Harvestella Review – A Magical Journey of Self Discovery and Peace
Harvestella is without a doubt one of the year’s biggest surprises. Even if the game starts slowly, it never ceases to be fun to play and keeps throwing new stuff at the player. It doesn’t reinvent the wheel for its genre, but it does provide enough enjoyable gameplay moments for those willing to go deeper. Harvestella is an underappreciated gem that deserves to be recognized, and more games like it are needed.
Harvestella’s PC port appears to be way too simplistic at first glance. This isn’t strictly a negative thing because it enables the game to operate on a variety of devices, including the Steam Deck. It’s evident from the start that the game was designed for the Nintendo Switch, but the PC port is pretty good, letting it operate at 60 frames per second and better quality. Even if you have a low-spec PC, it gives a crisper image with good performance.
Harvestella is a hybrid of the action RPG and farming simulation genres. It is not a novel idea from a developer, as we have seen in the past with games such as the Rune Factory series, but it is the first effort from Square Enix. Harvestella’s action RPG aspects are almost as significant as its farm simulation and slice-of-life gameplay. The plot of the game revolves around the player’s efforts to save the planet from imminent disaster. The primary protagonist has amnesia, which has been seen in several other games, but it also allows the developers to bring character creation. Players may create individualized characters to play as the main character.
Harvestella’s major flaw is that the game takes way too long to start. Initially, the player has few options for managing their farm, exploring the world map for items, and fighting enemies. However, as the story develops, additional options present themselves. The game includes a lengthy tutorial in the sense that it takes some time before things start rolling, which might be frustrating for certain players. The visuals aren’t very eye-catching, but they do seem great. The cutscene animations, on the other hand, make it clear that this is a low-budget game. It does not affect the gaming experience, which is where Harvestella truly shines.
Harvestella contains a variety of towns for players to explore as well as a slew of fascinating side characters. The main quest feels like a diversion in comparison to the game’s plentiful side activities. The core gameplay loop is keeping a farm that may be expanded over time and traveling to the world map to combat monsters. For the most part, the player is focused on the action RPG portion of the game, fighting enemies and adhering to the story mission. There are dungeons to explore, as well as boss fights and shortcuts. Some powerful enemies patrol a certain region, much as in a Souls game, however, the player can return to them once they have achieved some experience.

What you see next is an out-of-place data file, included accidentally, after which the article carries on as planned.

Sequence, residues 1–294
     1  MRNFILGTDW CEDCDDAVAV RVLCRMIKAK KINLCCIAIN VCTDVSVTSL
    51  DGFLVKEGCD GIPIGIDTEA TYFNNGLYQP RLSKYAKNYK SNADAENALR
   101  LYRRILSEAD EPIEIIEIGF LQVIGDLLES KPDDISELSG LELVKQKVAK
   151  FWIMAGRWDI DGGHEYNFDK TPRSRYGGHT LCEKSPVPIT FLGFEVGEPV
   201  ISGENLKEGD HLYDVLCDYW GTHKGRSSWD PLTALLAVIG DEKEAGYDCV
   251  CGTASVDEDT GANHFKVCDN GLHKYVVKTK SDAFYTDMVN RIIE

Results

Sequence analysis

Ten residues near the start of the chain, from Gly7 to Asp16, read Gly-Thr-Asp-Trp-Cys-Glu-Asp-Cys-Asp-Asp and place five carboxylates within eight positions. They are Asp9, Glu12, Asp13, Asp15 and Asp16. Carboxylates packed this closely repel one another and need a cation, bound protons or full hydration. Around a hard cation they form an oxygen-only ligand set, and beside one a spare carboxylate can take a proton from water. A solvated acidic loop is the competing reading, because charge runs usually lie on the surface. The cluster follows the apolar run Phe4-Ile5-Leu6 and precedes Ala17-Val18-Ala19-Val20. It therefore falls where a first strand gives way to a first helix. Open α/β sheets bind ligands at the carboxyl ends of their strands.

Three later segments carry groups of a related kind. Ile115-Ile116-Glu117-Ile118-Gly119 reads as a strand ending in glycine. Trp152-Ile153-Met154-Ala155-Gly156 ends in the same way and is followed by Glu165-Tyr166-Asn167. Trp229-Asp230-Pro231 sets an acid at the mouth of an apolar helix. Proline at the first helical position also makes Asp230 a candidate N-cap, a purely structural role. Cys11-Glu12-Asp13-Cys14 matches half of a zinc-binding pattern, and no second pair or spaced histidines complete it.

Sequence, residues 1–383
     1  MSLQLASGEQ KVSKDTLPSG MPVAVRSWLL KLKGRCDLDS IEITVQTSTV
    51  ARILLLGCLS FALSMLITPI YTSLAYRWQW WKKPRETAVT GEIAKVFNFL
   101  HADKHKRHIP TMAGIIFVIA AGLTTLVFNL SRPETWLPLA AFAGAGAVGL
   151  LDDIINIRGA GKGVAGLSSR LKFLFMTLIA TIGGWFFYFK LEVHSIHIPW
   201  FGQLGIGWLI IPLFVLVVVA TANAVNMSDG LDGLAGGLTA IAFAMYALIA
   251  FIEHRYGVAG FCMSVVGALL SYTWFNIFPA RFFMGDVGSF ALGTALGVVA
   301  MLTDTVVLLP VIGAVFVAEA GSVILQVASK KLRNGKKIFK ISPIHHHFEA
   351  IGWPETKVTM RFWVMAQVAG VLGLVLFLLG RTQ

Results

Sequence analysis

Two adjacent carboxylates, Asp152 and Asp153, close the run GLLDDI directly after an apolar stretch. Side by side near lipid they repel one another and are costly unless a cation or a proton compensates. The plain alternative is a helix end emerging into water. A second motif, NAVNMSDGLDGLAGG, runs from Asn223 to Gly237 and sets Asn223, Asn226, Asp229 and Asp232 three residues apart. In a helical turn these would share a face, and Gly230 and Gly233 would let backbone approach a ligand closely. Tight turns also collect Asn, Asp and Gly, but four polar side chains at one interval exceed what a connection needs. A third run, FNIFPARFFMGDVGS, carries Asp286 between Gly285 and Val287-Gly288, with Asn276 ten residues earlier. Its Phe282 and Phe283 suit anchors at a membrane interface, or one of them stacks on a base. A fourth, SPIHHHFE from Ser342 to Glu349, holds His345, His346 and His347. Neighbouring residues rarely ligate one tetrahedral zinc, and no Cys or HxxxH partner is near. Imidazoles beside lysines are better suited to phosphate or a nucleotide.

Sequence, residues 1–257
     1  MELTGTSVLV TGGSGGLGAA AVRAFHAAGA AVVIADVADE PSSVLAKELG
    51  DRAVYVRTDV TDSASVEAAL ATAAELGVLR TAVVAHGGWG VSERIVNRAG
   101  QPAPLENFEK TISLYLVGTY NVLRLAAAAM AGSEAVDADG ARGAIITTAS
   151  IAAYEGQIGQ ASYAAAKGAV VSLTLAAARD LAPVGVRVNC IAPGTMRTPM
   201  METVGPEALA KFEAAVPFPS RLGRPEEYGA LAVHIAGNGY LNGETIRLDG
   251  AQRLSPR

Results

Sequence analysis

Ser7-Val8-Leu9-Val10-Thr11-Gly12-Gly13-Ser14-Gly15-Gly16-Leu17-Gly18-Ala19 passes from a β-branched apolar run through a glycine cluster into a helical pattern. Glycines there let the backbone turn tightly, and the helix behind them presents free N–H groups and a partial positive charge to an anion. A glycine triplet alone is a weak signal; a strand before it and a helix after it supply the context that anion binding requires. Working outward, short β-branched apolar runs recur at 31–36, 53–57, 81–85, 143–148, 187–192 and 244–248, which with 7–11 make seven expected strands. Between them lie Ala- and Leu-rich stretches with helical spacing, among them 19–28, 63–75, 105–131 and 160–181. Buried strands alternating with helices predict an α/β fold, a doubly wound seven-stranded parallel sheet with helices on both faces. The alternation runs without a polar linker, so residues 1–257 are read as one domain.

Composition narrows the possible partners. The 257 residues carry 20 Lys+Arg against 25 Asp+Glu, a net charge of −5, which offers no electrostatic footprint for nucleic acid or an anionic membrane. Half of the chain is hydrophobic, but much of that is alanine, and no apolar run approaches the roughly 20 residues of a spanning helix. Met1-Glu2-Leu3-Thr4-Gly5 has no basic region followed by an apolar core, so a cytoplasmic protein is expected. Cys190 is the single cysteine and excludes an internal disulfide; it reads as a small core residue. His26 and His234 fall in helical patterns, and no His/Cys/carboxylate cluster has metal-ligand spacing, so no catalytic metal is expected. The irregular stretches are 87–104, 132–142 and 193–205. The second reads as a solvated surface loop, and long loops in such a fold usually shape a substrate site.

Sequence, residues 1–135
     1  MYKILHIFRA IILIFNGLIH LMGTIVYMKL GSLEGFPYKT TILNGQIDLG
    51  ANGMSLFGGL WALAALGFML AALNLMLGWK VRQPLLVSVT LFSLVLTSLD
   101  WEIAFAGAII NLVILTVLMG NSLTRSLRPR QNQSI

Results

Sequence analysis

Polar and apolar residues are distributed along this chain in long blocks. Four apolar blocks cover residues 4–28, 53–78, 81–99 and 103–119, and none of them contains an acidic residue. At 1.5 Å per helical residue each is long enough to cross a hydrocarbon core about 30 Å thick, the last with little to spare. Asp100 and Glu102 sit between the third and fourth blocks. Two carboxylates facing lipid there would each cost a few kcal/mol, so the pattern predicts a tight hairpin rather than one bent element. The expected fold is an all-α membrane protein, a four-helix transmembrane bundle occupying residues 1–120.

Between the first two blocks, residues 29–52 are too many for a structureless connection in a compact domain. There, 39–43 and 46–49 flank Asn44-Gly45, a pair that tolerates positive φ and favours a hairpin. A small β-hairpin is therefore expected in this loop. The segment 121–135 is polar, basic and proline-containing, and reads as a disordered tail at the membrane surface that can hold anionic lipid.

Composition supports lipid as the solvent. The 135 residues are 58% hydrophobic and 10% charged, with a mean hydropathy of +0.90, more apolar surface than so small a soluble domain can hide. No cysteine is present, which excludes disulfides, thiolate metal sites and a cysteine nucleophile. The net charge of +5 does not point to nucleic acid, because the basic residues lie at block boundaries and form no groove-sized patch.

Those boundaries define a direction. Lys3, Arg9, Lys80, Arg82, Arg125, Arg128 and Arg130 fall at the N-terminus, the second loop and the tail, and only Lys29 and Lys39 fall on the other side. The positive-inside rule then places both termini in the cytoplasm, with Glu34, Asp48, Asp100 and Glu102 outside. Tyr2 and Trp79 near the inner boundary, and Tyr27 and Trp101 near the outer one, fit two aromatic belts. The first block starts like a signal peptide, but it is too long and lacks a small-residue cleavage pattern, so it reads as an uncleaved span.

The job-based system is the meat of the action RPG gameplay. The player has access to over a dozen different jobs. Some of these will become available later. Because there aren’t many jobs to choose from, the battle feels repetitive at first, but after it opens up, it’s fun to go back and try some of the tougher fights again. The same may be said for Harvestella’s farming simulation. The farm first appears to be less challenging and more of a side activity, but its value becomes obvious when more things to maintain, such as animals, are unlocked.
Harvestella appears to be a game that has made the most of its funding. The villages in the game have distinct layouts and themes, so they don’t seem familiar. It never feels like we’re traveling through the same dungeon layout since the art style and aesthetics are beautifully used to give them a unique position in this world. There are many recipes to discover throughout the game, and they are essential for success. They not only improve the flow of combat, but they may also improve the farm. It is so enjoyable to search for and unlock these recipes around the world.
As in Harvest Moon, the player will have limited energy to accomplish duties, which implies that going out and roaming around will be impossible. When the clock strikes midnight, it is usually time to return home and sleep to begin over. Knowing recipes and cooking dishes may boost stamina. Similarly, jobs allow for dynamic combat since they may be switched on the fly. Some jobs are effective against specific enemies, thus discovering what they are is rewarding and lends their inclusion value.
Harvestella has been a surprising hit for me. I never anticipated coming across a game that is so enjoyable to play and so nicely combines its genres. Its disadvantage is the slow pace, and the game asks you to invest some time before it opens up. But if you have what it takes, this is an easy game to recommend, especially if you enjoy this genre.
Harvestella Game Information
- Price: $59.99
- Publisher: Square Enix
- Developer: Live Wire
- Platform: PC (Reviewed)
- Disclaimer: A review code was given by the publisher